Finance as a Couple

Finance as a Couple
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Finances are never easy, even when you’re completely in the green. I don’t mean easy to manage, or easy to maintain; I mean easy to talk about. No one likes talking about their financial vulnerabilities ever.

However, when you’re half of a couple, it’s essential you have the finance conversation because no one wants to live with someone who doesn’t even know how much rent they pay.

If you’re going to live with someone in a romantic way (straight, gay, young, old: it’s all the same!) you need to de-romanticise at least one evening to get the big talk out of the way. You need to discuss everything, monthly in-goings, monthly outgoings: your rent; your mortgage; your bills; your gym membership; even things you’re embarrassed about like your subscription to Cosmo. Write it all done and formulate a plan!

Our advice here at LoanWire is a simple, argument-free, alternative to the “you pay this,” “I’ll pay that,” style that couples shouldn’t use.


The first step of this is to open a Joint Account. Now, many banks like to remind you how dangerous Joint Accounts are, investing all your money in one pot when you could easily break-up is a bad idea, and we agree with them. Yet that isn’t what we’re recommending that you do. Our recommendation is far simpler.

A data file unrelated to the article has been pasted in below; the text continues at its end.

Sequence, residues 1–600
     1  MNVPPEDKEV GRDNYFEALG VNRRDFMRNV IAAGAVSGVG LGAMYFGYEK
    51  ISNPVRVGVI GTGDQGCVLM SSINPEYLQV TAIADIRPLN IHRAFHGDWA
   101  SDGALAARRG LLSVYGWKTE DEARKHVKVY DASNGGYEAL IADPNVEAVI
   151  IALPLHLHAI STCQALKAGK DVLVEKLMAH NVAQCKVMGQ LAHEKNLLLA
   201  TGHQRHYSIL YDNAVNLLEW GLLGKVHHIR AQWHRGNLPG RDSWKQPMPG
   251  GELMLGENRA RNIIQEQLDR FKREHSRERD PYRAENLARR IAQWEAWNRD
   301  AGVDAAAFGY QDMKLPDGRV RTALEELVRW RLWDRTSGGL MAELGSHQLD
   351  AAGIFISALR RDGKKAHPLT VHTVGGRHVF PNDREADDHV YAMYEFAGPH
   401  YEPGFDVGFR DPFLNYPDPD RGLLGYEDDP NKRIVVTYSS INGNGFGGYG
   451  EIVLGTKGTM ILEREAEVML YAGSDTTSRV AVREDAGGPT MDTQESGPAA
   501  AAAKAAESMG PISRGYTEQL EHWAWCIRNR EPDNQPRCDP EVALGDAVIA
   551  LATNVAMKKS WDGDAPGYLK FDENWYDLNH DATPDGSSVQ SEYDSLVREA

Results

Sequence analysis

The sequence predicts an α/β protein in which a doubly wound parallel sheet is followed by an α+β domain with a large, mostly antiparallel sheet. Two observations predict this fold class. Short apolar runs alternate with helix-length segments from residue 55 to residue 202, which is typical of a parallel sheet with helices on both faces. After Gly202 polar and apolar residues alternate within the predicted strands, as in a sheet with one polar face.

1. Open a Joint Account
  2. Work out your joint monthly outgoings that include things like your rent, your bills, or your subscription to Virgin Media. Try and include the joint shopping bill too (groceries only!) It’s all about the things you share. Divide this amount by the amount you think is fair; generally it’s good advice to divide it in proportion to your incomes.
  3. Set up a standing order from each of your separate accounts to the Joint Account for the agreed amount.
  4. Move all of your household Direct Debits into the Joint Account.
  5. Voilà

All of your arguments about money have been shot in the foot before they could even get going. The best thing about this approach is that you will soon realise how easy it is to save up money together, when you’re both ensuring that the necessities get paid too.

Whilst this approach may not be for you, it’s definitely worth a try because it’s stable, accessible, and fair. If you’re dead-set against it, then I’m not going to try and change your mind. What I will say is this: always talk to your partner openly and honestly about money.

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